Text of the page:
The Blue-Coat school was founded for the gratuitous instruction of boys by Bishop Foy, who died in 1707; after appropriating several legacies, among which was one of £20 to the poor of Waterford, and another of as much of the sum of £800 expended on the episcopal palace, as might be recovered from his successor in the see, for apprenticing Protestant children, the bishop bequeathed the remainder of his property for the establishment of a school for the gratuitous instruction of Protestant children in reading, writing, and the principles of the Protestant religion. He fixed the number of children at 50, and the salary of the master at £40, and that of the catechist at £10, with liberty to increase the number of children and the amount of salary in equal proportion: the appointment of the master and catechist is vested in the Bishop of Waterford; that of the children in the mayor, three of the aldermen, and the sheriffs, subject to the approval of the bishop.

The executors erected a handsome school-house at the corner of Barron-Strand-street, on land granted them by the corporation, and with the remainder of the funds purchased lands then of the yearly value of £191. 2. 2.; the endowment was, on the death of the bishop's sister, augmented with £48 per annum; the number of boys was encreased to 75, and the salary of the master to £60, and that of the catechist to £15. An act of parliament was subsequently obtained by the Rev. Nathaniel France, the only surviving executor, for perpetuating and regulating the charity, and the endowment was vested in him for life, and after his decease in the bishop, dean, and mayor of Waterford for the time being; the act also provided that the excess of income, after payment of the salaries, £5 to a collector, and the expenses of keeping the school-house in repair, should be applied to the clothing of the children, and if any surplus remained, to apprenticing the boys.

In 1808 another act was obtained, by which the trustees were enabled to sell the school-house in Barron-Strand-street and to erect another on a more convenient site, and to raise the salary of the master to £100 and that of the usher to £50. The funds having increased by the determination of leases and the accumulation of savings to the amount of £4900, the trustees resolved to board and lodge the masters, children, and servants of the institution in the school-house. The school was soon afterwards established on the lands of Grantstown, in the vicinity, in a recently erected house which, by numerous additions to the original building, has been rendered sufficiently commodious for the purpose. The estates of the charity consist of 1400 acres of land, with two or three small plots of ground in the city. The Blue-Coat school for girls was erected in 1740, at an expense of £750, by Mrs. Mary Mason: it is a plain building, with the arms of the Mason family in front, and was originally designed for clothing and instructing 30 girls till of age to be put out to service, the expense being defrayed by an annuity of £60 paid by the corporation, to whom the Mason family bequeathed £900 for that purpose.

In 1784, Counsellor Alcock left £1000 to this charity, the interest of which sum is expended in apprenticing the most deserving of the children. An endowed school in the parish of St. Olave is under the patronage of the corporation, who give a school-house and residence for the master, who is also lecturer of St. Olave's, and receives from the corporation for both appointments a salary of £100 per annum. A school at Newtown, near the city, was established in 1798, for the education of children belonging to the Society of Friends of the province of Munster; the average number of both sexes is about 50, and the usual course of instruction comprehends an English education, with the Latin and French languages. The school-house is large and commodious; there is an extensive play-ground, and the premises are well adapted to the purpose. The national school in St. Patrick's contains in one establishment 150 boys, and in another from 90 to 100 girls, and is supported by subscription, aided by a grant of £12 per ann. to the boys' and of £10 to the girls' school; there are also several Sunday schools in connection with the Kildare-place Society.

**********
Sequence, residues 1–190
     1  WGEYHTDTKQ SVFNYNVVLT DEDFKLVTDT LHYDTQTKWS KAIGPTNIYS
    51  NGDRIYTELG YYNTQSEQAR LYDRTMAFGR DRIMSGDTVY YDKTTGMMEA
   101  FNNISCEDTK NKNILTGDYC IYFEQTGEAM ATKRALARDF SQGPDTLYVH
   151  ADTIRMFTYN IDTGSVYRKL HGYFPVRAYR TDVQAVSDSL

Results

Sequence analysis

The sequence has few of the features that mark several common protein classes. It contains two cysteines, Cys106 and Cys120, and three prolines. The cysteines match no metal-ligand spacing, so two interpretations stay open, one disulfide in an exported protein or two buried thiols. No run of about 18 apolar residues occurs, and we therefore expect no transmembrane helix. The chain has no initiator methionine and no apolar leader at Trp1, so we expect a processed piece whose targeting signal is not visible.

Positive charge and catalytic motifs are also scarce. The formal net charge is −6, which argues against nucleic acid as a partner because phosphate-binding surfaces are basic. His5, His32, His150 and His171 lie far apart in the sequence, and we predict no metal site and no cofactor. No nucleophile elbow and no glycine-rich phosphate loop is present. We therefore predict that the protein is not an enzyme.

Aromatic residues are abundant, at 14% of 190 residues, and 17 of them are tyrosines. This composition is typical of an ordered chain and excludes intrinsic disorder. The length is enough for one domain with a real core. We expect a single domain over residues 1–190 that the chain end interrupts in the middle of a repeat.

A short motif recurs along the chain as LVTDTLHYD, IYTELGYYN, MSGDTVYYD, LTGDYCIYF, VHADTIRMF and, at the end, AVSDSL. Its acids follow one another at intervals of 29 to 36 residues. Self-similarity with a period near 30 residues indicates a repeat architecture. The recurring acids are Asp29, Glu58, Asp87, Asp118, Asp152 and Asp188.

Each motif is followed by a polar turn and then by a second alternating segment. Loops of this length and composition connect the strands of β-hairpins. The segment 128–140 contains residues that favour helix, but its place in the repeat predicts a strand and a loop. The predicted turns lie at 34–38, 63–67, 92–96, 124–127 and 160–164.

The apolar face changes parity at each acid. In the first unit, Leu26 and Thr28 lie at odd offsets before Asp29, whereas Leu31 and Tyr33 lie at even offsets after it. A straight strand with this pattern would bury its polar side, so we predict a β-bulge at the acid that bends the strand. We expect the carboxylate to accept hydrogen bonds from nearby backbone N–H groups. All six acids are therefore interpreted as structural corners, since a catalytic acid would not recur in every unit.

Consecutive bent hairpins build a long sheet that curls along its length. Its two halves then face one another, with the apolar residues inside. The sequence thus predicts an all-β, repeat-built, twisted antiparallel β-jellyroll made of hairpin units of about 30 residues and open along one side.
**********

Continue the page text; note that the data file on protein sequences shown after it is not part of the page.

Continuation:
There are numerous R. C. schools, of which the principal is the college of St. John, in Manor-street, erected by the Rt. Rev. Dr. Power, for the education of young men for the R. C. ministry; attached to it is a lay school for boarders and day scholars. The building is plain but spacious and commodious, and adjoining it are extensive gardens and pleasure grounds. The greater number of the R. C. clergy of the united dioceses of Waterford and Lismore go through their courses of humanity and theology here, previously to entering Maynooth; several complete the whole course of their studies in this establishment. Of the other schools, the principal are those established in 1803, by the Rev. Edmund Rice, in connection with the society called the order of the Christian Brethren, and in which are generally from 600 to 700 boys, who are taught chiefly by young men who, from religious motives, have devoted themselves to the instruction of the poor without receiving any pecuniary remuneration. The principal female school is conducted by the. Sisters of the Presentation Convent, who gratuitously instruct about 400 girls. A school, also for the gratuitous instruction of poor females, has been established near the Ursuline convent on the road to Tramore.

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